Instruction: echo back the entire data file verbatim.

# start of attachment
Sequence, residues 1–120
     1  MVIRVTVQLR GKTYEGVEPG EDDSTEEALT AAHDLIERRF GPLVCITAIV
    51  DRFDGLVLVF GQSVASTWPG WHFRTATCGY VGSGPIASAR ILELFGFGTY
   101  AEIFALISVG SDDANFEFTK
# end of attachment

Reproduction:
Sequence, residues 1–120
     1  MVIRVTVQLR GKTYEGVEPG EDDSTEEALT AAHDLIERRF GPLVCITAIV
    51  DRFDGLVLVF GQSVASTWPG WHFRTATCGY VGSGPIASAR ILELFGFGTY
   101  AEIFALISVG SDDANFEFTK